The British-built satellite HOTSAT-1, a 'flying thermometer', has captured thermal images of the sun-baked venue for the COP28 summit in Dubai, emphasizing the stark contrast between urban and vegetated areas. These images, released exclusively to Sky News, reveal the 'urban heat island' effect, a growing concern for global climate change.
A Stark Contrast: Red Roads and Blue Parks
The images depict the roads and concrete walkways around the COP28 complex as bright red, indicating high heat absorption from the sun. In stark contrast, vegetation in a nearby park is marked blue, reflecting cooler temperatures. This phenomenon, known as the 'urban heat island' effect, is when hard surfaces, such as concrete and asphalt, absorb heat during the day and release it slowly at night, keeping urban areas warmer than rural zones.
More Than Just Dubai: A Global Concern
Additional thermal images from HOTSAT-1 show similar trends in other parts of the United Arab Emirates (UAE), including Abu Dhabi International Airport and the upscale Al Bateen area. Here too, built-up regions and concrete surfaces glow red, while cooler zones are marked in blue. The 'urban heat island' effect is not just a concern for Dubai or the UAE, but a global issue that can exacerbate the impacts of heatwaves, leading to increased death rates.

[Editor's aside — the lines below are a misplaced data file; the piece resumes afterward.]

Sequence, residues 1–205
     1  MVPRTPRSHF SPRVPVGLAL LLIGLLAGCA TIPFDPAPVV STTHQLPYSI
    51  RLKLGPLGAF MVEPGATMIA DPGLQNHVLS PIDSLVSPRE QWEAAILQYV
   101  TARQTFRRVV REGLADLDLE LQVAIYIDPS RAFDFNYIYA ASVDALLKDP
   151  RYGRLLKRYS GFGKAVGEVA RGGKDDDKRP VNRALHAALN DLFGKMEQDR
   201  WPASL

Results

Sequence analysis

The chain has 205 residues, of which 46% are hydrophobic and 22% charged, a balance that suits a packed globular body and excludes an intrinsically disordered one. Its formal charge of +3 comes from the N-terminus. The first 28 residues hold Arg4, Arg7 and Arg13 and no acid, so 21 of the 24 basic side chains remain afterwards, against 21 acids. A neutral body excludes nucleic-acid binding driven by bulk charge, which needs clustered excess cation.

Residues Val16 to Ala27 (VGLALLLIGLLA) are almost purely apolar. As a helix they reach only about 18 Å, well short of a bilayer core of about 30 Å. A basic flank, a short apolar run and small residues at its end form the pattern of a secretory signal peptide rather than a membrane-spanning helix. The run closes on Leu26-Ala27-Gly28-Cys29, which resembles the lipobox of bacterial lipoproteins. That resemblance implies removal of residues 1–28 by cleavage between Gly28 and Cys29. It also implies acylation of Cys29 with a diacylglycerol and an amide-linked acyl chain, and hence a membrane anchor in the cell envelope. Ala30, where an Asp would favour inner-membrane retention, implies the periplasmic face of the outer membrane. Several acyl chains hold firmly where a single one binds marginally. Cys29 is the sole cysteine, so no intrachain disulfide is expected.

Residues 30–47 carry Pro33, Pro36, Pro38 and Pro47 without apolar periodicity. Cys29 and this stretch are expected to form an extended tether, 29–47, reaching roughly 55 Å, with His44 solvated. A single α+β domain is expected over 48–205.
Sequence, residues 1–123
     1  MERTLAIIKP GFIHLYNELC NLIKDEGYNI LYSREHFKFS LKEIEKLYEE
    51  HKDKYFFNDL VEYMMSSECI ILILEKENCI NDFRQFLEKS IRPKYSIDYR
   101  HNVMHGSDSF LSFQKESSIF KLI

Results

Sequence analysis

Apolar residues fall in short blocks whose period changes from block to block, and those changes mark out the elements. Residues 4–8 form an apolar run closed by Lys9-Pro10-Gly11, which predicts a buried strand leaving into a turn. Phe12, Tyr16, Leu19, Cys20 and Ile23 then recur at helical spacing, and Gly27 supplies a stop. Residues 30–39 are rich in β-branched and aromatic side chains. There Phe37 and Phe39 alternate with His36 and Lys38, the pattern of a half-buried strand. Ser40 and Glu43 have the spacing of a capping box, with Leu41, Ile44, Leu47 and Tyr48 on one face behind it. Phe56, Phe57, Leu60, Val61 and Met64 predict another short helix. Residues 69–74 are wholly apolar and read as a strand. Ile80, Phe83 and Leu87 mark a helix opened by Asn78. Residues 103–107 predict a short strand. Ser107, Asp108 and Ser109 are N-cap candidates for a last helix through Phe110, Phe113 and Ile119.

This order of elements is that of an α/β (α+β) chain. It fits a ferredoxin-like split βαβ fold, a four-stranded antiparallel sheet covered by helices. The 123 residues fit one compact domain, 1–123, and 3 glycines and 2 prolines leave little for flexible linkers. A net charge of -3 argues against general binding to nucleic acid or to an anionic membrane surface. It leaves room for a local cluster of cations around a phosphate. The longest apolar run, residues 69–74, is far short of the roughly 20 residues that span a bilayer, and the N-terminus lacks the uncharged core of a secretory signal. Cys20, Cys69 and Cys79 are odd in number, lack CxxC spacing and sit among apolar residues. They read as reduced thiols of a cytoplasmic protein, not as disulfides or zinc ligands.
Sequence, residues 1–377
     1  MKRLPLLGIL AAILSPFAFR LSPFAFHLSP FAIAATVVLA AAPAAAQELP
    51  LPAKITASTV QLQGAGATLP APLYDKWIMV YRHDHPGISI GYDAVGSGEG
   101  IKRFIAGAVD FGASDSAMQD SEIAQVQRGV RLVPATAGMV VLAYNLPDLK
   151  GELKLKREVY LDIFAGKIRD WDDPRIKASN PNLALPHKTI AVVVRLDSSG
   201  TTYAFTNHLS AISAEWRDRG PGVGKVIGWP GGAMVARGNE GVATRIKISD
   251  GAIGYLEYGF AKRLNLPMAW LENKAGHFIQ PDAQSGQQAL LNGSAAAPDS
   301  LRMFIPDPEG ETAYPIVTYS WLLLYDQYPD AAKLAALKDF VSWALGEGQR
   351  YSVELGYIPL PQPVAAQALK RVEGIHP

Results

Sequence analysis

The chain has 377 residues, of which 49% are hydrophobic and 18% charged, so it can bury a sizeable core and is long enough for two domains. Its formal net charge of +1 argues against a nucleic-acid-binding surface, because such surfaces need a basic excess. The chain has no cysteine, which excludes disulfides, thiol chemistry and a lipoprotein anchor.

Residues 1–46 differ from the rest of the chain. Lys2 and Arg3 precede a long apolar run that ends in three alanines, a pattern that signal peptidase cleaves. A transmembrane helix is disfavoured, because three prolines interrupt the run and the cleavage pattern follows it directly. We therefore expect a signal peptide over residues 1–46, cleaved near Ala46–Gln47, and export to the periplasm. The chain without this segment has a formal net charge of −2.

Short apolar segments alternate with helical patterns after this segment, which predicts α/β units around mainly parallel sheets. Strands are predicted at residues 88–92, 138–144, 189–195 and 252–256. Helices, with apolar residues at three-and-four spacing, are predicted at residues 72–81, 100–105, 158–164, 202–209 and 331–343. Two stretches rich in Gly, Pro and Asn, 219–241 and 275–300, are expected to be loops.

The Role of Vegetation in Mitigating Heat
The contrasting images underscore the crucial role vegetation plays in mitigating heat absorption. The cooler, blue-marked park in the midst of red-marked urban areas highlights the need for increased vegetation in cities. Anthony Baker, co-founder of SatVu, which operates HOTSAT-1, has emphasized that these images should serve as a reminder of our collective responsibility to combat climate change through informed decisions and sustainable actions.